sense of brown-noser, suckup, bootlicker. Someone obviously trying to get
into someone else's good books. (Thanks to another visitor for this one.)
- backpack, book bag
- line. "There was a really long lineup for tickets to last night's
hockey game." Some Canadians also use the British term "queue."
Canadians wait in line or in lineups, never "on line."
- The eastern Canadian provinces of Nova Scotia, New Brunswick, and Prince
- A Winnipeg term for "cool." A friend's example:
"D'ja see that Farrah Fawcett-Majors poster? Minty, eh?"
A visitor notes that it was later adopted by some Vancouverites,
particularly those associated with a small record company, Mint
Records, and incorporated into the phrase "Stay minty" for
- north of 60
- 1. The High Arctic. 2. A TV show of the same name.
- A public parking lot. Term most common in western Canada.
- Pepsi, pepper
- Derogatory terms for a Quebecer, used probably because
of the great popularity of Pepsi Cola in that province. Evidently
Pepsi was much cheaper than Coke at one point, and the Quebecers
never stopped drinking it.
- A brand name for a corn dog (hot dog dipped in batter and then
deep fried). Attention Pogo company: if you make vegetarian Pogos
I will buy them. Hint, hint.
- postal code
- The Canadian equivalent of ZIP codes.
Postal codes are six characters long and are a mixture of three letters
and three numbers.
- Mounties. From RCMP, for Royal Canadian Mounted Police.
- reserve, or "rez"
- A parcel of land allotted for Native Canadians, aboriginals, or Indians.
- Revenue Canada, or RevCan
- Canada's analogue to the IRS (thanks to Dan for this one and "GST")
- Robertson screws
- Screws (for metal or wood) with a square hole in the top rather than
a straight or X-shaped one. Robertson screwdrivers come in different
colors to indicate what size they are. Green number ones and red number
twos are the most common. Robertson screws are just about
impossible to strip, unlike Phillips-head ones, which become unusable
about thirty seconds after you've brandished the screwdriver at them.
They'd be popular in the States except that Henry Ford wanted exclusive
rights to them, and Robertson (the inventor, a Canadian) refused to sell.
- Next to last, or penultimate
- French for "napkin." This term is used by anglophones as well as francophones. One visitor noted that younger people don't seem to use this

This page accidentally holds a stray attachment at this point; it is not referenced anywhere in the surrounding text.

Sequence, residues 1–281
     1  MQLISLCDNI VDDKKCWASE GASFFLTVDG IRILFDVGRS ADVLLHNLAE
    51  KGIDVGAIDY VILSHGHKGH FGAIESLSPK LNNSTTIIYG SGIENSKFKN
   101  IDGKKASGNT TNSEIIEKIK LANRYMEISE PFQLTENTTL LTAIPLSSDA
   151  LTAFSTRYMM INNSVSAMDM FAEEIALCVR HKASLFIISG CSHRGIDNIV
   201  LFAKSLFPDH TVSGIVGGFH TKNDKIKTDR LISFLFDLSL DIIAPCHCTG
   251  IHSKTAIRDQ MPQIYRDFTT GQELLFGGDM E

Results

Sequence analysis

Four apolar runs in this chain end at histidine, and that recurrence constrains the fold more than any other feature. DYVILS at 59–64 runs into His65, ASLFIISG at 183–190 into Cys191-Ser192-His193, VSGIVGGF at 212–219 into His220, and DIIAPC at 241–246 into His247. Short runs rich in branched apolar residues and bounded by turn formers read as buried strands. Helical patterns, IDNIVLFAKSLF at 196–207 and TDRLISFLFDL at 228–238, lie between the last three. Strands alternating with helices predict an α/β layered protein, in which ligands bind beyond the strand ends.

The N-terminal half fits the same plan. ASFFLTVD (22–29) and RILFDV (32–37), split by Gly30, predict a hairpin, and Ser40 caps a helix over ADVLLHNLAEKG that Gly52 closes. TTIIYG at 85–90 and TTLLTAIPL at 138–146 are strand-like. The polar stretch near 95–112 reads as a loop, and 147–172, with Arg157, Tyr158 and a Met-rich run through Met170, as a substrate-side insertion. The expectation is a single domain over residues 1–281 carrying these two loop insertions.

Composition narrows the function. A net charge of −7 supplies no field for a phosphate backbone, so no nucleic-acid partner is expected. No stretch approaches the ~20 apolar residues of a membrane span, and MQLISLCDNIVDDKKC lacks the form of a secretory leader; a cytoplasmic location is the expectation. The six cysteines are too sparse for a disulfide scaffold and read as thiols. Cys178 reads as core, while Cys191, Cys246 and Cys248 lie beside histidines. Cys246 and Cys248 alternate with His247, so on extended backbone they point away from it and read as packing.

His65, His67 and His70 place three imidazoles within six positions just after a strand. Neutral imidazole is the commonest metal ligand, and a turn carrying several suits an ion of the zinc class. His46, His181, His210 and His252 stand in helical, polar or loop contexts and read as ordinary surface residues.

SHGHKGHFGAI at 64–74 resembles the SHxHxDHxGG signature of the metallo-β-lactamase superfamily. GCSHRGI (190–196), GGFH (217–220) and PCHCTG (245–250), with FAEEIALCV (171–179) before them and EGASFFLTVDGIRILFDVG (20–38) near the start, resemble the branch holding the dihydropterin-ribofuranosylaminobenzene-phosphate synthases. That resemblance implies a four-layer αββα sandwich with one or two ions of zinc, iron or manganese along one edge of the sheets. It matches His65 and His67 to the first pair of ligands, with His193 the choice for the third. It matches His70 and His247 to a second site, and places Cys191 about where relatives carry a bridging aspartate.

- Also spelled "shinny," it's an early form of hockey, and now means
a pick-up hockey game where people just show up and play. Played
recreationally all over Canada, in ice skates, on inline skates, or
- Sir John A.
- A reference to Sir John A. Macdonald,
Canada's first prime minister. "On Parliament Hill, you'll
see a statue of Sir John A."
- Generic term for snowmobile. "I'm going out
on my ski-doo." Can also be used as a verb: "They're
going ski-dooing later." The word "Ski-doo" is the brand
name for snowmobiles made by a company named
Bombardier (pronounced "bom-bar-dee-AY," not "bom-bar-DEER").
In Canada, "ski-doo" is one of those brand names
that have evolved into generic terms.
- A Canadian who flees to the southern United States (usually
Florida) for some or all of the winter.
- south of the border
- The USA (not Mexico).
- The States
- The USA. Canadians hate referring to the US as "America," because
Canadians are just as much North Americans as Americans are.
- A short-necked, fat beer bottle once used by Canadian breweries.
Very hard to find now.
- table (v.t.)
- To bring up for discussion, as in a session of Parliament.
Compare with American sense of "table" as a verb, which means "to postpone
discussion about the issue indefinitely."
- take a decision
- To make a decision, or decide.
- A card game created by Cape Breton Islanders; very popular there.
- tea towel
- dish towel
- In Ontario, formerly a learner's permit for new drivers. Referred to
of days that the permit was valid. In Nova Scotia, a 365 is a $365 fine you're
charged when you get caught with open liquor in public.
- transport truck
- An 18-wheeler, or a tractor-trailer
- Whiskey Jack
- Also known as "camp robbers," Whiskey Jacks are birds who are around all
year and often come into logging camps and try to scavenge food from the guys
working in the bush.
- The desk at the bank where you conduct transactions with a bank teller.
When the teller goes to lunch, he or she will display a sign that says "This
- yankee, or yank
- An American. Used regardless of where in the US the specified American is
- An old beat-up car. "Winter Beater" qualifies that one is
driving a beater only because the "summer car" is in storage.
Other visitors mention that a "beater with a heater" is an oft-used
term for winter beaters.
- Driving under the influence. Same as DWI, although a lot easier to get
arrested for as limits in Canada are about 0.08, vs. 0.1 in a lot of
- Tax-sheltered retirement savings plan. Similar to 401K in US.
- Highway. A French word used by anglos.
- Kilometer, or kilometer per hour. "Better slow down, Vern, the
limit's 90 klicks here. Hand me the bottle."
- Joe Louis
- Cake treat similar to a Twinkie, with chocolate cake and a white
icing interior. Available in Ontario and Quebec. No actual natural or
- Central Canada
- Refers to southern Ontario, actually 1300 miles east of the centre
of Canada. But in their minds...
- The West
- Refers to any point from Manitoba (actually the dead centre of
Canada) west to the Pacific Ocean.
- sucking slough water
- Exhausted. Prairie expression.
- Hockey uniform top, called "jersey" in the States. ("Sweater"
also refers to that familar staple of winter wear.)
- small biting insect
- can refer to a cafeteria or snack counter
- versus "sack," especially in US midwest
- can describe potato chips or french fries
- pulling, to pull
- Saskatchewan term. Describes when an adult buys liquor or cigarettes
for minors. (Someone else tells me this is called "booting" in Alberta.)
- Manitoba drink made from about 1% real orange juice, 99% sugar,
water, food colouring. Another visitor reports this is also available
in the Maritimes.
updated December 24, 2000.